On May 1, laboratory leaders joined together to address laboratory trends and challenges at the 23rd annual Executive War College in New Orleans. Robert Michel, Editor-in-Chief of The Dark Report and Dark Daily and host of the event, welcomed attendees and advised the attendees to meet someone new in the room and share an innovation that is occurring within their laboratory. Collaboration, networking, and sharing of best practices was encouraged throughout the two-day conference not only through presentations from the podium but through round-table discussions and informal conversations.
William Morice II, M.D., Ph.D., Chair of the Mayo Clinic Department of Laboratory Medicine and Pathology and President of Mayo Medical Laboratories presented a keynote presentation to a packed room of conference attendees. Dr. Morice described how new developments in science, technology, and finance will influence laboratory medicine.
Dr. Morice addressed what he feels are the three disruptive factors that will influence the clinical laboratory industry: massive parallel multi-analyte analysis; high-speed, high-complexity computing (machine learning and self-improving algorithms); and miniaturization and nanotechnologies such as light-emitting diodes.
Of interest to many attendees in the room was discussion regarding how much financial influence pharmaceutical companies can have on the clinical laboratory marketplace. Dr. Morice shared examples of how the pharmaceutical industry has increased its interest in the clinical laboratory industry. He explained that the explosion in knowledge about how genetic mutations are involved in cancer is a parallel trend that fuels growth in the number of drugs that require a companion diagnostic test.
“In the $25 billion pharmaceutical market, 90% of the sales are from oncology drugs,” says Dr. Morice. “These facts demonstrate how a huge amount of revenue for three giant companies increasingly depends on the availability of a clinical laboratory to do the diagnostic test.”
A summary of Dr. Morice’s presentation can be found in its entirety on The Dark Report Insider.
Jane Hermansen, MT(ASCP), Manager of Outreach and Network Development at Mayo Medical Laboratories, presented, “It’s Still Possible to Thrive and Prosper in Ever-Tougher Times: Lessons from How the Nation’s Best-Performing Hospital Outreach Labs Are Responding to Medicare Fee Cuts, Narrow Networks, and Tougher Competition.”
Hermansen leveraged her 30 years of laboratory experience to share her prediction—the laboratory can thrive in this changing health care environment. She shared numerous case studies of community hospitals and health systems that have worked with Mayo Medical Laboratories, have forged ahead, and have succeeded. These organizations are finding opportunities to use the laboratory as a valuable lever to increase hospital revenue, efficiently use laboratory capacity; lower unit cost; expand test menus; and develop new, profitable business lines. Hermansen offered the attendees a list of common missteps and elements for success such as, “Don’t assume that leadership understands the value of the laboratory outreach program,” and, "Treat your outreach program like a service-line business.”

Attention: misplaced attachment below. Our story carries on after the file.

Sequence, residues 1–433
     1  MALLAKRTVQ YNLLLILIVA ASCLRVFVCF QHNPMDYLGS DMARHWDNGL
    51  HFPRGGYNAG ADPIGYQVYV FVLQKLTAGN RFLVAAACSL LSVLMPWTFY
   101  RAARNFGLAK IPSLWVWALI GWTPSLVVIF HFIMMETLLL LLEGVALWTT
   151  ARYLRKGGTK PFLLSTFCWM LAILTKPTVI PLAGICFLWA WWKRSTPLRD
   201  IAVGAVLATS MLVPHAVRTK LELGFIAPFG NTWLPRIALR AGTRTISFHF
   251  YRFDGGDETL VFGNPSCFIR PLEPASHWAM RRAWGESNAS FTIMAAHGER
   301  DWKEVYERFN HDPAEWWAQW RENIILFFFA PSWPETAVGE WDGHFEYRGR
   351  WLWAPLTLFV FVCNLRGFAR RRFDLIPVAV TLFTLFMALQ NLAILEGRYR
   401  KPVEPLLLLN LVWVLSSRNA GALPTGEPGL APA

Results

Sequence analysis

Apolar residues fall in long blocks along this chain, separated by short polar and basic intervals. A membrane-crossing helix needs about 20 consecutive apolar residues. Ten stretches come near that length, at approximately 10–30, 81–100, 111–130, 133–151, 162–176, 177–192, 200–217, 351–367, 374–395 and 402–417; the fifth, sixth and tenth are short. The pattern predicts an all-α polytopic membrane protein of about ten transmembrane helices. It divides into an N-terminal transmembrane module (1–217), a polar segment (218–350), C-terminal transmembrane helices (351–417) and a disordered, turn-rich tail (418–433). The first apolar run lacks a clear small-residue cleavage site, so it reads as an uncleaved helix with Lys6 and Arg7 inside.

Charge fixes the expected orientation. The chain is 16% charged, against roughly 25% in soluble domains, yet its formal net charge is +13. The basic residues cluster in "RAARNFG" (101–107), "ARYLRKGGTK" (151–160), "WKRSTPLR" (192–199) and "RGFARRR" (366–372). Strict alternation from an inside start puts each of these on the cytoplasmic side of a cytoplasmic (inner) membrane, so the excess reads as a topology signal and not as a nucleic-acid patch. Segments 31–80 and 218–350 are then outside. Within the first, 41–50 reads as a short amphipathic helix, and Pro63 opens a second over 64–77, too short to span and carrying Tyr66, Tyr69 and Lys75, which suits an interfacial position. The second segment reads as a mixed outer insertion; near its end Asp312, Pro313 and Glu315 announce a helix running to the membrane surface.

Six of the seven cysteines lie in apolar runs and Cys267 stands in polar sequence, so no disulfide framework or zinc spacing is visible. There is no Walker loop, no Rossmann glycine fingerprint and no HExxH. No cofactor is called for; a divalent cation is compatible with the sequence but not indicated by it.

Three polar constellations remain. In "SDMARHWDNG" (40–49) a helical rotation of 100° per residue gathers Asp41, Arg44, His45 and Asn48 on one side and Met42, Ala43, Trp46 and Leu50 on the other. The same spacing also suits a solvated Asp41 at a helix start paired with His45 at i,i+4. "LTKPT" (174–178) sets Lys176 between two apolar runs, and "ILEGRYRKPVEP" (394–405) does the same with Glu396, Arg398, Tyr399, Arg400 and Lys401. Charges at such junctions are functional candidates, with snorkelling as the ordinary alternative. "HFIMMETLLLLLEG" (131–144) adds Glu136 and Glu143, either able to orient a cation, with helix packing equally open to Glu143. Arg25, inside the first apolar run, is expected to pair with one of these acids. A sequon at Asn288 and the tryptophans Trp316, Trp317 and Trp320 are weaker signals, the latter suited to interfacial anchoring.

"The role of the laboratory outreach program remains relevant, especially in today's health care environment. Mayo Medical Laboratories is dedicated to supporting our clients’ outreach program development, preparing them for success in challenging times," said Hermansen. "The most successful laboratories are those that are able to adapt to change, be proactive, and look for creative ways to overcome competitive and reimbursement challenges."
On Wednesday afternoon, Amy Clayton, M.D., Anatomic Pathology Division Chair, and Muna Khan, Senior Principal Health Systems Engineer, Mayo Clinic Management Engineering and Consulting, presented, “Using the Strategic Planning Process to Advance Key Initiatives through Staff Engagement.”
The duo addressed a topic that many hospitals and laboratories are challenged with—staff burnout. Dr. Clayton and Mr. Khan shared how Mayo's Division of Anatomic Pathology improved staff satisfaction and created a measurable process to continually improve by focusing on an essential tactic—involve staff members in the process and let their voices be heard. Dr. Clayton encouraged attendees to take the time to understand what staff members feel are the real issues and let them create solutions. “Our division goals are not my goals; they are my staff members' goals. They all want to work more efficiently and to feel like their contributions are meaningful,” said Dr. Clayton.
The strategic process that was implemented in the Division of Anatomic Pathology serves as a universal process for numerous improvement efforts and provided attendees with an outline to tackle key initiatives in their own facilities.